When you’re driving, the most important thing is safety — and the best line of defense between you and the road is your tires. Many other factors are affected when your tires are worn, including braking and traction. When elements like rain or snow get added to the mix, tires can be a recipe for disaster. Watch as our pro reveals how to properly check your tires’ tread depth in a short video. And read on for essential information about how to check tread life on your tires.
What is tire tread depth?
The more use your tires get, the less effective they become. As the rubber slowly wears away, the tread depth decreases. That limits your tires’ ability to grip the road safely. You measure tire tread depth in fractions of an inch, generally 32nds, with most new tires starting with 10/32″ or 11/32″ of tread depth. When the tire tread reaches 2/32,” the tires are considered unsafe.
For winter driving, the experts at Consumer Reports recommend greater than 6/32nds of tread depth for increased traction on slick roads. During better weather, the recommended depth is 4/32nds. If your tires get down to 2/32nds, it’s time to replace them immediately.
How to measure tire tread depth
There are several ways to measure tire tread depth. You can use a tread depth gauge, an affordable tool for accurately measuring the tread left on your tires. You can use a penny in a pinch if you don’t have a gauge handy. The top of Abe Lincoln’s head is 2/32nds from the edge of the penny. Insert the penny head-first into the tire’s tread. If you can see the top of Abe’s head, that tells you the tread is shot, and your ride is unsafe.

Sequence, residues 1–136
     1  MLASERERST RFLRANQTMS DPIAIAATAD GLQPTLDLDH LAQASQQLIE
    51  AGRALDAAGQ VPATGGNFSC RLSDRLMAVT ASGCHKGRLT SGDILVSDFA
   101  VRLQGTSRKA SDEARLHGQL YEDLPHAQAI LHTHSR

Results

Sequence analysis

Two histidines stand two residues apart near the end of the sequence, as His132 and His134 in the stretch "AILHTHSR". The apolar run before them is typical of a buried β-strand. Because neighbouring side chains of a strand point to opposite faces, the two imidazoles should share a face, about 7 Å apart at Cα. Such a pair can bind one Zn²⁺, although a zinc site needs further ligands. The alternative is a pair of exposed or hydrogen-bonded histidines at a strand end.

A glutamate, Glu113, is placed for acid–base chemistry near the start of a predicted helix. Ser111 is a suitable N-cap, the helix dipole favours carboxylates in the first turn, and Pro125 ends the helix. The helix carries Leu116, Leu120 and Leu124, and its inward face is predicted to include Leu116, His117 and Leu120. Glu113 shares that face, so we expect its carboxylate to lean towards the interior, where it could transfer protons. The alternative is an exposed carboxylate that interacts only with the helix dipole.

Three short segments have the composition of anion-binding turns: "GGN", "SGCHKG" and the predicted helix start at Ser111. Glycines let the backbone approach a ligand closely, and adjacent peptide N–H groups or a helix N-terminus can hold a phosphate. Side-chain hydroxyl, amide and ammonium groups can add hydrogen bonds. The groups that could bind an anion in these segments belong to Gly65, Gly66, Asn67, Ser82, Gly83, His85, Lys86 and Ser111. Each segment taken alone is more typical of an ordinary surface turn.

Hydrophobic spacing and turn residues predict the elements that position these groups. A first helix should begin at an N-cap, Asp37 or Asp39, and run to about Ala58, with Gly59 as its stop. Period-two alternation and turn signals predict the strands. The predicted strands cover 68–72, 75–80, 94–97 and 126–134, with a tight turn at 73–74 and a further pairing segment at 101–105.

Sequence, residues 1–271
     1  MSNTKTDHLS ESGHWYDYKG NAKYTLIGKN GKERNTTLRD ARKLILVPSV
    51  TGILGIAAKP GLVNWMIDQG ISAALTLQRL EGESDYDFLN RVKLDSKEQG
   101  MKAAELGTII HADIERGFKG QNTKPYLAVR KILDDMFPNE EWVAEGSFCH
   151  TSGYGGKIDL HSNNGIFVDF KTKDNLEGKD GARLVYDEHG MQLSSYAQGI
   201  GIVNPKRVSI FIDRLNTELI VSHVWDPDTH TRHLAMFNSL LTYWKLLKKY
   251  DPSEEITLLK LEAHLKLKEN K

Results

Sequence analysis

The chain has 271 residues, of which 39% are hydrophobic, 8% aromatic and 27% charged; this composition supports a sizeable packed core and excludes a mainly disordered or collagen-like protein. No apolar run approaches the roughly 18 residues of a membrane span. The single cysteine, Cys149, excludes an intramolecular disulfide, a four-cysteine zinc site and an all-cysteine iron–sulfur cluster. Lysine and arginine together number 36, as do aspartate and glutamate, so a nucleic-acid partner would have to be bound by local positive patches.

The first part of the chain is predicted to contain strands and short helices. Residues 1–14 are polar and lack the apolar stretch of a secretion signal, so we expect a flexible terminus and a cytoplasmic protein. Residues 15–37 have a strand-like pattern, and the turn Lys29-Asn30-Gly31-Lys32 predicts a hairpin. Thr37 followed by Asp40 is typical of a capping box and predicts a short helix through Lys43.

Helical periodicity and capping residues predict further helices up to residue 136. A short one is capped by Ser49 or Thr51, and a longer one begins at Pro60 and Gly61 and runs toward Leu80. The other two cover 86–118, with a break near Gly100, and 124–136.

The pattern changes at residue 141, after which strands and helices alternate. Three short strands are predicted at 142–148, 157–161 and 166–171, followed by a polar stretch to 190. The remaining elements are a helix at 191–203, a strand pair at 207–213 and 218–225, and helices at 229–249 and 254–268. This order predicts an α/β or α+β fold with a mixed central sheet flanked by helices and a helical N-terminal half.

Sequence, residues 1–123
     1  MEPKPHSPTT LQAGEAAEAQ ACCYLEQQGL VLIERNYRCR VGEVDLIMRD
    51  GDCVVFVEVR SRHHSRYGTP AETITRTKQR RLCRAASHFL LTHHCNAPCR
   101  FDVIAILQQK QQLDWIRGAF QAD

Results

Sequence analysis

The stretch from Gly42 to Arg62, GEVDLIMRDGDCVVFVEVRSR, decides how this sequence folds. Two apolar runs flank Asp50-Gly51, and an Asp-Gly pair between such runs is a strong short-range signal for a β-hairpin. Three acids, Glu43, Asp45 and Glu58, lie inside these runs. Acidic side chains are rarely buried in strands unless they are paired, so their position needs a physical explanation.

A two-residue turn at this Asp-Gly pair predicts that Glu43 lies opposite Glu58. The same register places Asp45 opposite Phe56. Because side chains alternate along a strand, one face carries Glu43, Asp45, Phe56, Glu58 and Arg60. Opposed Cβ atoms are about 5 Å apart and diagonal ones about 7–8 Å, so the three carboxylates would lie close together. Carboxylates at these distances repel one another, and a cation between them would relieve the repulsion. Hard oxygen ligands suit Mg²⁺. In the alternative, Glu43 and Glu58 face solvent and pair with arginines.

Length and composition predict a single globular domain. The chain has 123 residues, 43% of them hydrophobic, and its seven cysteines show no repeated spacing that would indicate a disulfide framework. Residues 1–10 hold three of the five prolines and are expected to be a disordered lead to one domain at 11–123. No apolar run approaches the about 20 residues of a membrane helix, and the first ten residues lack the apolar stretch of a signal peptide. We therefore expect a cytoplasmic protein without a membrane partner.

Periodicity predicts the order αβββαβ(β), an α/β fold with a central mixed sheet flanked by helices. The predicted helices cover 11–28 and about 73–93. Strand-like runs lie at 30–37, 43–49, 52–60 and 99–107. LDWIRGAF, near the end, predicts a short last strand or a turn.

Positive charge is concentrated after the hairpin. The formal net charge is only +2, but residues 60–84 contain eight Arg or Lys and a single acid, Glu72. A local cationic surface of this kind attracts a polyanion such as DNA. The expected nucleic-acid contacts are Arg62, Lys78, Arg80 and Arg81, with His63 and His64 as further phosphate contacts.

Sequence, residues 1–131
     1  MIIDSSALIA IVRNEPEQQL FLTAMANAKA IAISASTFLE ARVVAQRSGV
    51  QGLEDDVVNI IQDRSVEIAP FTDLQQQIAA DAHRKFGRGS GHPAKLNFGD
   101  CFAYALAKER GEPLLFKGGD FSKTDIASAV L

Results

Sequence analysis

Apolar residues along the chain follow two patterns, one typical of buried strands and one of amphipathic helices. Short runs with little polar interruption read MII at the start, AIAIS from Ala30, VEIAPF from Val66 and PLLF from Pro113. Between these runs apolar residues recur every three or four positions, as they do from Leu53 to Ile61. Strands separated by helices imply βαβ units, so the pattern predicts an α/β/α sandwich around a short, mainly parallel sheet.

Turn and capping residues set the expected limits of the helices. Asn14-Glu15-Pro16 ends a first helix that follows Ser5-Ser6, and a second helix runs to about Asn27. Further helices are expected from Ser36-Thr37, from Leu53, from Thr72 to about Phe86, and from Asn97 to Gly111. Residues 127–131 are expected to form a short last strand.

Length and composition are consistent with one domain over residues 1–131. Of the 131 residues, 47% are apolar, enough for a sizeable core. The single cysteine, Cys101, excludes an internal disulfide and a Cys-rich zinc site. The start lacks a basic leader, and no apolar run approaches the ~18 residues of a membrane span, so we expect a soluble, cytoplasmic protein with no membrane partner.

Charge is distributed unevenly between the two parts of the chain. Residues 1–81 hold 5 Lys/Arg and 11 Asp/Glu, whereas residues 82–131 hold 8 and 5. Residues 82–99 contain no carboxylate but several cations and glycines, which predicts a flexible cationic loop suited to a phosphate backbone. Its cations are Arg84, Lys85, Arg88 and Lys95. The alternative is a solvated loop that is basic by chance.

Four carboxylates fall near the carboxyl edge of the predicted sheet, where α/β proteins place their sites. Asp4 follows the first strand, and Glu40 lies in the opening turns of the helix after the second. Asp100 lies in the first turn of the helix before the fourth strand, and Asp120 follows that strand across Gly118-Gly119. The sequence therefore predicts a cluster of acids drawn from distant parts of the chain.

And, of course, if your car is riding rough and you can visibly see that the tires look bald, it’s time to roll over to your local mechanic or tire shop.
1.Use wear bars
These indicator bars are set at 2/32″ in the tire’s grooves between tread markings around the tire’s circumference. Visually inspect the raised wear bars running perpendicular to the tread pattern. If the tread is above the wear bars, the tires still have life. If it’s flush, it’s time for new tires.
2. Use a tire tread gauge
As previously mentioned, this affordable gadget is something every glove compartment should have. You can pick one up at your local auto parts store. Place the gauge on the top surface of the tire tread and extend the tire tread wear indicator into one of the tread patterns. Again, if it shows a tread depth at or below 2/32,” you need new wheels.
Other tips on checking tread depth
When it’s time to replace your tires, have it done by a qualified tire shop, and never install mismatched tires on the same axle. Replace your tires in pairs and note the rotation schedule for the new tires. With some simple care and a watchful eye, your new tires will last longer and provide you with the performance and safety you need to get the most out of your ride.
Normal wear and tear of your tires won’t be covered by your car insurance. If you have comprehensive and collision car coverage, tire damage may be covered by car insurance.